Click on images to enlarge
habit (Photo: Sheldon Navie)
habit in flower (Photo: Sheldon Navie)
stems and leaves (Photo: Sheldon Navie)
flower clusters (Photo: Sheldon Navie)
close-up of flower (Photo: Sheldon Navie)
close-up of immature fruit (Photo: Sheldon Navie)
mature fruit releasing their seeds (Photo: Sheldon Navie)
seedlings (Photo: Sheldon Navie)
infestation in bushland (Photo: Trevor James)
close-up of leaves (Photo: Sheldon Navie)
old flowers, with twisted petals, and young fruit (Photo: Sheldon Navie)
close-up of immature fruit (Photo: Trevor James)
mass germination of seedlings near parent plant (Photo: Sheldon Navie)
Aristea ecklonii Baker
African blue star iris, aristea, blue corn lily, blue corn-lily, blue eyed iris, blue-eyed iris, blue eyes, blue flies, blue iris, blue stars, blue stars lily
Native to western and southern Africa (i.e. Uganda, Burundi, Cameroon, Rwanda, southern Zaire, Mozambique, Tanzania, Zimbabwe, South Africa and Swaziland).
This species has recently become naturalised in some parts of south-eastern Australia (i.e. in the coastal districts of central New South Wales and in southern Victoria). It has also been reported from the coastal districts of southern New South Wales and very recently from Springbrook in south-eastern Queensland.
This commonly grown garden plant is regarded as an environmental weed in Victoria and New South Wales and as a potential environmental weed or "sleeper weed" in other parts of southern and eastern Australia. In its natural habitat, in southern Africa, it grows in a variety of habitats from streambanks and forest margins to grasslands and shrublands.
Blue stars (Aristea ecklonii) has escaped cultivation in Australia, and is an emerging weed of roadsides, waterways (i.e. riparian vegetation), disturbed bushland and open woodlands near urban areas (particularly around Melbourne and Sydney). In Victoria it is considered to pose a threat to riparian vegetation and dry sclerophyll woodlands and on the central coast of New South Wales it is a weed of disturbed woodlands. Blue stars (Aristea ecklonii) has also been reported to be growing in conservation areas in New South Wales (e.g. in the O’Hara Head Reserve at Kioloa in the Shoalhaven region and the the Cooyong Road Reserve in Warringah in suburban Sydney) and was also recently collected growing in a conservation area at Springbrook in south-eastern Queensland.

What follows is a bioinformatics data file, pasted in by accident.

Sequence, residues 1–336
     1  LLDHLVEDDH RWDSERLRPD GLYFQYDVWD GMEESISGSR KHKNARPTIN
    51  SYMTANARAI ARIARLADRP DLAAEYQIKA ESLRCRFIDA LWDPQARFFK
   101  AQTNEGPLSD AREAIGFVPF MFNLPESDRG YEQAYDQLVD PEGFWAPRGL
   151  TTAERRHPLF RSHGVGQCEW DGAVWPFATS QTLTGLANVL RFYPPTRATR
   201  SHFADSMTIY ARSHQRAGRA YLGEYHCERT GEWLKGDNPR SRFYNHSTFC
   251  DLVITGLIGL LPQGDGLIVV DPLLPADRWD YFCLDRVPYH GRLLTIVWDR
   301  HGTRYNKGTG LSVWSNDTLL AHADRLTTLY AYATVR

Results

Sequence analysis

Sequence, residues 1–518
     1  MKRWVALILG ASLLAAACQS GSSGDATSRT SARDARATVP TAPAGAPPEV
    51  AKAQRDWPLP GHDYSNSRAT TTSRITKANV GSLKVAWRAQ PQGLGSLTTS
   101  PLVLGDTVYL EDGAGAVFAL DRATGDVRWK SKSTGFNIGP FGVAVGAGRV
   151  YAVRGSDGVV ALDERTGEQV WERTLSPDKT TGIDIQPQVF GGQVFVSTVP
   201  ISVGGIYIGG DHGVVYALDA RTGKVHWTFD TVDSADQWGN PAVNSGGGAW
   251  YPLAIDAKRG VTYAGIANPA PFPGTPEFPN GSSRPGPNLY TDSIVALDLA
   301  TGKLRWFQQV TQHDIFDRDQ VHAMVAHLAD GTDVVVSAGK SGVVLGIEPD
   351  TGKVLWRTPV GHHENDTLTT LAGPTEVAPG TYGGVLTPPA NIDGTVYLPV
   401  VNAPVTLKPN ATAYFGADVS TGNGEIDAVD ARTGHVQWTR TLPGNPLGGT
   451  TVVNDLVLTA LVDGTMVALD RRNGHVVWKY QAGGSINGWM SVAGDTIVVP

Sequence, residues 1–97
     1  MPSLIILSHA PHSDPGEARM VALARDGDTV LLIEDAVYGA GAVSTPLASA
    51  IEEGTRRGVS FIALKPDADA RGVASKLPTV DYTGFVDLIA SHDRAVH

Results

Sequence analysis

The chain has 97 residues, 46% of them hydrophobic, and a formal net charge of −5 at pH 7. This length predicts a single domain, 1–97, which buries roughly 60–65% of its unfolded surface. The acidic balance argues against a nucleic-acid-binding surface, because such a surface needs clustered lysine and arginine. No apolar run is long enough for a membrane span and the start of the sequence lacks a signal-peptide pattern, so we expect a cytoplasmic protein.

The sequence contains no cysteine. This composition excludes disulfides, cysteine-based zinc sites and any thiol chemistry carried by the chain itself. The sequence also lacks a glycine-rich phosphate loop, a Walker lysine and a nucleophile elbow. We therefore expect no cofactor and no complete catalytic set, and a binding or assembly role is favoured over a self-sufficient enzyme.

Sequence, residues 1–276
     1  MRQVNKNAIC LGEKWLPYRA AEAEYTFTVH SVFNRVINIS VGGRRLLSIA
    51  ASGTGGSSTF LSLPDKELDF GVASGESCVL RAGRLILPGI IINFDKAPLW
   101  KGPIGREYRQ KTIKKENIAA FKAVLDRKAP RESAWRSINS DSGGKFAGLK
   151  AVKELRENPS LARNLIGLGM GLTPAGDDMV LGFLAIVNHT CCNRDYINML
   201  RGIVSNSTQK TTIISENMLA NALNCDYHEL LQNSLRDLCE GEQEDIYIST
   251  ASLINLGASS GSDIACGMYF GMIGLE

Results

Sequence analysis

Fact sheets are available from Department of Employment, Economic Development and Innovation (DEEDI) service centres and our Customer Service Centre (telephone 13 25 23). Check our website at www.biosecurity.qld.gov.au to ensure you have the latest version of this fact sheet. The control methods referred to in this fact sheet should be used in accordance with the restrictions (federal and state legislation, and local government laws) directly or indirectly related to each control method. These restrictions may prevent the use of one or more of the methods referred to, depending on individual circumstances. While every care is taken to ensure the accuracy of this information, DEEDI does not invite reliance upon it, nor accept responsibility for any loss or damage caused by actions based on it.
Copyright © 2016. All rights reserved. Identic Pty Ltd. Special edition of Environmental Weeds of Australia for Biosecurity Queensland.
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